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David J. Thomas:
As electronics developed, the common return paths of various circuits were also referred to as
“ground,” regardless of whether or not they were eventually connected to earth. In addition, a
single ground circuit most often serves, either intentionally or accidentally, more than one
purpose. Thus, the very meaning of the term ground has become vague, ambiguous, and often
quite fanciful. Some engineers have a strong urge to reduce these unwanted voltage differences
by “shorting them out” with massive conductors — the results are most often disappointing. [8]
Other engineers think that system noise can be improved experimentally by simply finding a
“better” or “quieter” ground. Many indulge in wishful thinking that noise currents can somehow be
skillfully directed to an earth ground, where they will disappear forever! [9] Here are some
common myths about grounding:

Kevin Graf:
David, your link to the 'grounding myths' didn't stick,  but here are some from Henry W. Ott's new book:

3.1.7  Grounding  Myths

More myths exist relating to the field of grounding than any other area of electrical engineering.  The more common of these are as follows:

1.   The earth is a low-impedance path for ground current.  False,  the impedance of the earth is orders of magnitude greater than the impedance of a copper conductor.
2.   The earth is an equipotential.  False,  this is clearly not true by the result of (1 above).
3.   The impedance of a conductor is determined by its resistance.  False,  what happened to the concept of inductive reactance?
4.   To operate with low noise,  a circuit or system must be connected to an earth ground.  False,  because airplanes, satellites, cars and battery powered laptop computers all operate fine without a ground connection.  As a mater of fact,  an earth ground is more likely to be the cause of noise problem.  More electronic system noise problems are resolved by removing (or isolating) a circuit from earth ground that by connecting it to earth ground.
5.   To reduce noise,  an electronic system should be connected to a separate “quiet ground” by using a separate, isolated ground rod.  False,  in addition to being untrue,  this approach is dangerous and violates the requirements of the NEC (electrical code/rules).
6.   An earth ground is unidirectional,  with current only flowing into the ground.  False,  because current must flow in loops,  any current that flows into  the ground must also flow out of the ground somewhere else.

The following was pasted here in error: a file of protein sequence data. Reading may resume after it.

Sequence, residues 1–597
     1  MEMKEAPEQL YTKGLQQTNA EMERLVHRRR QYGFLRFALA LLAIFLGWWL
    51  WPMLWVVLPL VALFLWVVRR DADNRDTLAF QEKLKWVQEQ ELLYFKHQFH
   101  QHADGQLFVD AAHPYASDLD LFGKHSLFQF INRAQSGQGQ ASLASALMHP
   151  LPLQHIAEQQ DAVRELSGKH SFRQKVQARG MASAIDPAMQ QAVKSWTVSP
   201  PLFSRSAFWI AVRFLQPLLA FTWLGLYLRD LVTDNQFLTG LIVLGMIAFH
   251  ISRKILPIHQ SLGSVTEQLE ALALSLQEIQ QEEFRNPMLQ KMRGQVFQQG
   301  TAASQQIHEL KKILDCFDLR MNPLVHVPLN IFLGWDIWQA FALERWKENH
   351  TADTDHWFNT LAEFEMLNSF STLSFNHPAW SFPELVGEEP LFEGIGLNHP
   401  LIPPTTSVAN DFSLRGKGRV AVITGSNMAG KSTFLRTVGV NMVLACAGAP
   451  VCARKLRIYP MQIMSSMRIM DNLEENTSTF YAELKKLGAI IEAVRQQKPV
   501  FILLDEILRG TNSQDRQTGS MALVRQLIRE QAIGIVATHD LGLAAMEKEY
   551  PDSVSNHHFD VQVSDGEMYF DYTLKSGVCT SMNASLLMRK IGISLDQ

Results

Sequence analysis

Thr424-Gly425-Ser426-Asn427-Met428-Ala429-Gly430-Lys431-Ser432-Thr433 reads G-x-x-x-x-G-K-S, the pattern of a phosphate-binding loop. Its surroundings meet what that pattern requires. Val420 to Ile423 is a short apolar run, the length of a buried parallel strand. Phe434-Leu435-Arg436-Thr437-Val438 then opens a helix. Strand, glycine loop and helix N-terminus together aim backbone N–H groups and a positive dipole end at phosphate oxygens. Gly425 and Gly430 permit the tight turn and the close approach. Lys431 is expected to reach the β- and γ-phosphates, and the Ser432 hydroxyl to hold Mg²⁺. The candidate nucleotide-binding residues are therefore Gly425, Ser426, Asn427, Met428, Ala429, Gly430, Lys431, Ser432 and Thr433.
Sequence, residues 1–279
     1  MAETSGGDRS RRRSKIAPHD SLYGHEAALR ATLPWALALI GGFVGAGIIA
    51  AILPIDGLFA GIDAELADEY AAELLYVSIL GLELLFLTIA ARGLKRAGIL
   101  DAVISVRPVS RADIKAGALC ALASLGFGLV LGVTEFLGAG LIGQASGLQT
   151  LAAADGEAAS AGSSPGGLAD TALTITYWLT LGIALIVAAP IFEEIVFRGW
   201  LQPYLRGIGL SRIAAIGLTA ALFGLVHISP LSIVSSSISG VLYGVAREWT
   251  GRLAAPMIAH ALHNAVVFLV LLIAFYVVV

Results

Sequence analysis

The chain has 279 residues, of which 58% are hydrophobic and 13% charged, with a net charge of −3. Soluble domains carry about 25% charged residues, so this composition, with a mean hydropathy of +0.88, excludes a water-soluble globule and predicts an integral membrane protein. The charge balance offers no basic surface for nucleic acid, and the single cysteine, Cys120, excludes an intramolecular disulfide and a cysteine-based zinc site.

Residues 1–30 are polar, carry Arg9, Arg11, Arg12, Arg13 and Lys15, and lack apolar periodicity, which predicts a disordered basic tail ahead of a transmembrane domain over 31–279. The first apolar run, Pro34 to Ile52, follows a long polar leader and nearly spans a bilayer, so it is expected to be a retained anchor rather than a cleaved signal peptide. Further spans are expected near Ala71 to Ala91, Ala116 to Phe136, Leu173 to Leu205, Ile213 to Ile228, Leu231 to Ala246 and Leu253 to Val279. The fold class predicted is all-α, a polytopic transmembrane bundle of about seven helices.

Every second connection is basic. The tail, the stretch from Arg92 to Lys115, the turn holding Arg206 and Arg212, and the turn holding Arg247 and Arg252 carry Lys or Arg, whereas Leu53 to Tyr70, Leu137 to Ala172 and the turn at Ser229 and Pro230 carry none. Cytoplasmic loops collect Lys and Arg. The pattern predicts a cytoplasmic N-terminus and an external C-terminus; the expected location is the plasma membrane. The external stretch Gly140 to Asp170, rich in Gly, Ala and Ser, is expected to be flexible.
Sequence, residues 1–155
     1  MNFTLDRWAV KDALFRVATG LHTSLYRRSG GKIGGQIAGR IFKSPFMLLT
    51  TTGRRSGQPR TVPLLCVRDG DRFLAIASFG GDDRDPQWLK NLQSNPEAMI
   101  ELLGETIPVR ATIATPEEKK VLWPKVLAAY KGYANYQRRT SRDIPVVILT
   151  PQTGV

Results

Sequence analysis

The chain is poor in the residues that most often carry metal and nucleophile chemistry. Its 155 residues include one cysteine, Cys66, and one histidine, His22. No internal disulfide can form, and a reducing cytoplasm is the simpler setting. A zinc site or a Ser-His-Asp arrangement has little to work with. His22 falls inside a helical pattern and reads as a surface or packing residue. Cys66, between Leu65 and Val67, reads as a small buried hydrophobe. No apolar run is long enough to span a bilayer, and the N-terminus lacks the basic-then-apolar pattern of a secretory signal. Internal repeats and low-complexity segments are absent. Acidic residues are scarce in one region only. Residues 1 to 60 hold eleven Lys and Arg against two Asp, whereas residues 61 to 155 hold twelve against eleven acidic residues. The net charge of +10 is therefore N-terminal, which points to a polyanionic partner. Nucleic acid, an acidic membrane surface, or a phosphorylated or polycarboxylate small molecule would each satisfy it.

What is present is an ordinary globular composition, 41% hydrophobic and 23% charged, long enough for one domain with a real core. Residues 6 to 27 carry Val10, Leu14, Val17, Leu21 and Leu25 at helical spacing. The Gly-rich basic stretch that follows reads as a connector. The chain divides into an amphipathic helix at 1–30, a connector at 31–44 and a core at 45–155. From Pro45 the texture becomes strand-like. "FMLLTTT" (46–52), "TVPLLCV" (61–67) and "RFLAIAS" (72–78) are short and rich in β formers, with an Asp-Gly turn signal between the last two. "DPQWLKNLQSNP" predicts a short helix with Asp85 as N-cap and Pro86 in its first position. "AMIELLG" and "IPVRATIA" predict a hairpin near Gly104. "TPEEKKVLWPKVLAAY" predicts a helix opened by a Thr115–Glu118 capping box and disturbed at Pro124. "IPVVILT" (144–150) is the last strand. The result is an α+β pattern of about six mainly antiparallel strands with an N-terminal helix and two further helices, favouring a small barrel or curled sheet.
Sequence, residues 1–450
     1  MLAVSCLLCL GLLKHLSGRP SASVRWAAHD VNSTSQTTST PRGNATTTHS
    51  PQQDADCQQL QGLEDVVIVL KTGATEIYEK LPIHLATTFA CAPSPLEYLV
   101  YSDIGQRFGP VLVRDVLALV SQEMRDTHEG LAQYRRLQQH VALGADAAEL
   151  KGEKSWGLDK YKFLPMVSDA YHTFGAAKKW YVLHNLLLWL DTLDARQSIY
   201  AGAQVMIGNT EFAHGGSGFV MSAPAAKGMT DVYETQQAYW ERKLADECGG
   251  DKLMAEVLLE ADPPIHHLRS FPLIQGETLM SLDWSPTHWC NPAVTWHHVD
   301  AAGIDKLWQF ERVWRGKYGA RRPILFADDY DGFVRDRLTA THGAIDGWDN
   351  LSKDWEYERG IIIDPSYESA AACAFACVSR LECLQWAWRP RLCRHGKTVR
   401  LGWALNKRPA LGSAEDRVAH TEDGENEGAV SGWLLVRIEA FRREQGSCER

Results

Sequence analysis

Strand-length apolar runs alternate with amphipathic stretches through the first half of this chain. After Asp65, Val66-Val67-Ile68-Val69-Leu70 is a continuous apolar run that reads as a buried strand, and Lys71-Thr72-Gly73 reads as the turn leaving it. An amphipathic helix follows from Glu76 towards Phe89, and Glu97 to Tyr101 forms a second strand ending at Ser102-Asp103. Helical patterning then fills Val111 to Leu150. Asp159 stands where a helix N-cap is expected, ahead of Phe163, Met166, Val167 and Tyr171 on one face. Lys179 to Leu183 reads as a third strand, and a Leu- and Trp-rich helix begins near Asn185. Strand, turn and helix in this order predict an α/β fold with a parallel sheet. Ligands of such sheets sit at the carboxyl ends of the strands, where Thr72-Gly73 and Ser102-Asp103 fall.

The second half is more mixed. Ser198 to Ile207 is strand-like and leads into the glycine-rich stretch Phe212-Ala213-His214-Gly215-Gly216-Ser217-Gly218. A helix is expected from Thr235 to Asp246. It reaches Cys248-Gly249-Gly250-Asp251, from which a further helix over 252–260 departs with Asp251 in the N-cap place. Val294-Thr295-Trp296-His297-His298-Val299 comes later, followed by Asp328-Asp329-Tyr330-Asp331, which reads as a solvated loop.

7.   An isolated AC power receptacle is not grounded.  False,  the term “isolated” refers only to the method by which a receptacle is grounded,  not if it is grounded.
8.   A system designer can name ground conductors by the type of the current that they should carry (i.e., signal, power, lightning, digital, analog, quiet, noisy, etc.),  and the electrons will comply and only flow in the appropriately designated conductors.  Obviously false.

Henry W. Ott

Jonathan Johnson:

--- Quote from: Kevin Graf on October 16, 2013, 11:29:28 AM ---The earth is a low-impedance path for ground current.  False,  the impedance of the earth is orders of magnitude greater than the impedance of a copper conductor.

--- End quote ---

How I learned this:

First, some background. I grew up on a farm. An electric fence charger has one lead connected to the fence wire which is supported on insulators, and the other lead is connected to a ground rod. The fence charger provides a high voltage (typically 3kV-7kV), high impedance pulsed direct current energy energy source to the fence wire. An animal coming in contact with the electric wire completes the circuit between the wire and earth ground, and receives a nasty shock. Because of the high impedance of the charger, the amperage is too low to cause harm.

Anyway, one day during a rather dry spell, I happened to touch the ground rod and received a shock. Because the soil was dry, the connection between the rod and the soil was high resistance. My body provided an alternate, complementary current path between earth ground and the "ground" terminal of the charger.

If the earth were a low-impedance current path, there might be a lot less lightning and nearby lightning strikes could be less deadly due to lower "step potential."

(By the way, when an electric fence has a short circuit, the arc generates an RF signal. I've used a de-tuned AM radio to detect and find faults in electric fences. As you approach the fault, the pulse becomes louder in the radio.)

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